Daffodils and other spring bulbs are so joyous and promising of warm weather and more flowers to come, especially after a winter like this past one. The next “layer” of flowers, present now, are the beginning of the fulfillment of that promise. I was in a garden yesterday where red peonies, orange oriental poppies and purple allium were blooming. I was aquiver: three of my favorites that don’t last long enough.
The shimmer and color of the poppy Prince of Orange is unmatched by any other flower. It seems to have lost favor in recent years and the pinks, whites and mauves have replaced it so completely that it has become hard to find. Fortunately, I planted a couple of them years ago and they have self-seeded to the extent that I have a real show when they bloom.
Alliums should be added to that list you are keeping of bulbs to order in the fall. You know, the list with “a lot more crocus, some of those sweet tiny blue flowers you saw at that garden and hundreds more daffodils?” Alliums range from the small drumstick to giant purple giganteum at 48” with 4-8” lilac softball shaped heads. And be sure to check out allium schubertii! Really, you won’t believe a plant can look so much like an explosion of fireworks sitting close to the ground.
In a garden I have worked in for nine years, I planted dozens of giganteums with white giant, a white form of giganteum in a large field of pervoskia and white guar, along with a few dozen nectaroscordum siculum. (It has no common name but is an astounding plant). The alliums and nectaroscordum make their incredible show over the developing pervoskia and gaura and are finished just as the pervoskia and gaura are large enough to begin their statements. These tall stems, with lilac and white balls on top accented with the unusual flower arrangement on top of the nectaroscordum, are planted quite densely and make a strong statement. But a few scattered in your garden are like “puffs” floating above everything.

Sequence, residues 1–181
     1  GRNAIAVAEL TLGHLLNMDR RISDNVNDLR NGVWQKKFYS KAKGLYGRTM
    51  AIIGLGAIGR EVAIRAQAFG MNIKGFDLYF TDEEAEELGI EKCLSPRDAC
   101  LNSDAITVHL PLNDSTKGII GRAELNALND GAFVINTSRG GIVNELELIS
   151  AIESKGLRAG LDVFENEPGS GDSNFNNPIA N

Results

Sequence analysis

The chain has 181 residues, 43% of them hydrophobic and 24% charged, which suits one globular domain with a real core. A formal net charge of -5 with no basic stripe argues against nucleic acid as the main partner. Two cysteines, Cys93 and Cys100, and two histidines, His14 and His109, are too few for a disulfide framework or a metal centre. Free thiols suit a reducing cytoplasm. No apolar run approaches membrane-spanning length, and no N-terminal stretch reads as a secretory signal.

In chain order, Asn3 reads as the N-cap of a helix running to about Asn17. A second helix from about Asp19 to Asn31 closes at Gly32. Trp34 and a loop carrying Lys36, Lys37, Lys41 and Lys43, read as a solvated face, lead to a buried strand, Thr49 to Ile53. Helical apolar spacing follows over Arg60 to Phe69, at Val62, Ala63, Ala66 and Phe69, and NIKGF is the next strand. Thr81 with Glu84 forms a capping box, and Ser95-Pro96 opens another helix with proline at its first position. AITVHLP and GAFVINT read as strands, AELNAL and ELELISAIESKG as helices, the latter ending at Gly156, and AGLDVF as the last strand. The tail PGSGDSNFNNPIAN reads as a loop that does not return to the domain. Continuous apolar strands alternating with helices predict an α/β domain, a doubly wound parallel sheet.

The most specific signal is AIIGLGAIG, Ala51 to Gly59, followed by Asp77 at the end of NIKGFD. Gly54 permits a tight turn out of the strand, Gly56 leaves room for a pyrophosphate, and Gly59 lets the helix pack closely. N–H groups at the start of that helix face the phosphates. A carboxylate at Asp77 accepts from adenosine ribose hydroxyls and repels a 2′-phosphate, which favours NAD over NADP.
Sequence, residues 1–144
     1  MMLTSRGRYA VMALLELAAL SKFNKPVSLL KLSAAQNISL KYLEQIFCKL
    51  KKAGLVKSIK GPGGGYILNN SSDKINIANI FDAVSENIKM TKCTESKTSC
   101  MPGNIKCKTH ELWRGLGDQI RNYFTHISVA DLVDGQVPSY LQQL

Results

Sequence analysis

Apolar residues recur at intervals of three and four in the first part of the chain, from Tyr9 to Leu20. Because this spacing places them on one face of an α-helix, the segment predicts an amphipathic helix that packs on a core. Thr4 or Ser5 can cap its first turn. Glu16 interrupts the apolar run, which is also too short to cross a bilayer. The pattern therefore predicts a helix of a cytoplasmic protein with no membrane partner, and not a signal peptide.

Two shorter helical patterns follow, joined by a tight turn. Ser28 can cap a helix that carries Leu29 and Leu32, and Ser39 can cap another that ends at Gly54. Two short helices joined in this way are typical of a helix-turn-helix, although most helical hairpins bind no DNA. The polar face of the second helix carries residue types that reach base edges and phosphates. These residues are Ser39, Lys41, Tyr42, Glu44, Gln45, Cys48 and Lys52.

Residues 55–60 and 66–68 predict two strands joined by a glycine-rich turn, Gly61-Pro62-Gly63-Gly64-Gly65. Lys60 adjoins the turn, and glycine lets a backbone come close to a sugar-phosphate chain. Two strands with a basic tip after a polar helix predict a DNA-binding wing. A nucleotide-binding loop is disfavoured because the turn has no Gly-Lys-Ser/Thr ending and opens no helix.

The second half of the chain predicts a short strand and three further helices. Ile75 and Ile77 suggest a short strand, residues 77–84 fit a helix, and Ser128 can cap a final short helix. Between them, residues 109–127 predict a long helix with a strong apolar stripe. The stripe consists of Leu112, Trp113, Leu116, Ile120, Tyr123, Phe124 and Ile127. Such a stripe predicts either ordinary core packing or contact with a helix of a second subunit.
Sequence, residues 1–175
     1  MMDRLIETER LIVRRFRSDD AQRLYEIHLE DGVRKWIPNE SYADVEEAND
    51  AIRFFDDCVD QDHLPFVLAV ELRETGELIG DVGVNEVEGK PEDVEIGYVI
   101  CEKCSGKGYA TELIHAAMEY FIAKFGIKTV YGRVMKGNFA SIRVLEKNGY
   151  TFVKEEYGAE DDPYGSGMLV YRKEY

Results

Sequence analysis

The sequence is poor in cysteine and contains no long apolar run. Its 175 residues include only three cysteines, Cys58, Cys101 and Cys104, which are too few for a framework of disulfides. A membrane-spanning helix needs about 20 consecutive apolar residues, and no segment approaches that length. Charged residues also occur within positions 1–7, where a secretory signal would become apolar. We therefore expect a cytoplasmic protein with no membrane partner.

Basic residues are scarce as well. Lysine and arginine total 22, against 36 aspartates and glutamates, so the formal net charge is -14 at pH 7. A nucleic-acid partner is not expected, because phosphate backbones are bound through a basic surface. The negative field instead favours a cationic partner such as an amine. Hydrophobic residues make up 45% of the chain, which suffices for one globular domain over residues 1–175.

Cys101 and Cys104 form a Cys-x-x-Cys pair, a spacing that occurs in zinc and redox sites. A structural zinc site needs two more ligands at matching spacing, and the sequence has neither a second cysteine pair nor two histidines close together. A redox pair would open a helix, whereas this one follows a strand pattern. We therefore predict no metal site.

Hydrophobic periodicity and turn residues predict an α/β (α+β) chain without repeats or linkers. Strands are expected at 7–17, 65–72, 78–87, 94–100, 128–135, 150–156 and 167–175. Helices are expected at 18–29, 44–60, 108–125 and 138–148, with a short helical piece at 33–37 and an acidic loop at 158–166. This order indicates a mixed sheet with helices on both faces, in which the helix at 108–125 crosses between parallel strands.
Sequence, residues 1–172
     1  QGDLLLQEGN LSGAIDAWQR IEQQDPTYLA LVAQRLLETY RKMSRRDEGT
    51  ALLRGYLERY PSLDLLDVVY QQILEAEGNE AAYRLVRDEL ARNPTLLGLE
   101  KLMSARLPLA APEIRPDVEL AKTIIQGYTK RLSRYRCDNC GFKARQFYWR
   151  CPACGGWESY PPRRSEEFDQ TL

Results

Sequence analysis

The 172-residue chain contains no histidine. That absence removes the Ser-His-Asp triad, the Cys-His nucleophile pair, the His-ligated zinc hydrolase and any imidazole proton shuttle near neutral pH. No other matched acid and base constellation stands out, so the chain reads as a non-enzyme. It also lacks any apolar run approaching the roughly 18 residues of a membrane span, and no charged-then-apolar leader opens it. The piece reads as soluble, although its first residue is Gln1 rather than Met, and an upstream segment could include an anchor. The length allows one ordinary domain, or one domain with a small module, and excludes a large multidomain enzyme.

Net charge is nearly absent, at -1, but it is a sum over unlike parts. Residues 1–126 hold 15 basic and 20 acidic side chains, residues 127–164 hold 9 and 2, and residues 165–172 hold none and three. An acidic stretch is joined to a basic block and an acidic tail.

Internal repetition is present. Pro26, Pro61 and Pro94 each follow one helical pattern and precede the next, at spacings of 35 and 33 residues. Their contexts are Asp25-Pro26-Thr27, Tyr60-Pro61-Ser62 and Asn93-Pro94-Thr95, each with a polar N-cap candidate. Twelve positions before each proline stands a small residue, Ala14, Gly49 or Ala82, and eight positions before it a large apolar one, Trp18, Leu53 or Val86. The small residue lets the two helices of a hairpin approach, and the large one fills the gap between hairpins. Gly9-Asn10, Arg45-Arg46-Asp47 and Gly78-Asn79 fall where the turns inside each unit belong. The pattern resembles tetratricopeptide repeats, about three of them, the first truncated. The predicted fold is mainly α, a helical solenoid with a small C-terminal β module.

The giant alliums are pricey but a few can be added each year, like a treat to oneself. Be sure to throw a few schubertii into the order!
This week we removed the finished foliage of ornithogalum nutans (Silver Bells), an unusual, later-spring-blooming bulb that is well worth discovering. It is 12” tall and from the stem dangle ghostly, whitish, greenish flowers. It is more beautiful than I make it sound—very sweet and demure. And next week the flower heads and foliage of blue camassia will be removed. This is a splendid plant that I don’t see used often. It blooms later in spring and has varieties from dark blue to white and from 30” to 10”.
I also worked this week in a large peony garden planted with bearded iris. Splendid, though almost every flower stem needed to be staked. Sometimes I can stake the peony bush as a whole, but usually each flower needs it. Those individual flower supports are another item to put on the list of things to buy in small lots over time. They’re much easier to use than gazillions of bamboo stakes!
Well, flowers are beginning to dazzle, tomatoes are growing, many seeds are up, small pea pods are on the vine, and I met a baby turtle in the garden last week!
Jeanelle Myers is a professional gardener, landscaper and consultant. For gardening discussion you can call her at 631-434-5067. jeanellemyersfinegardening.com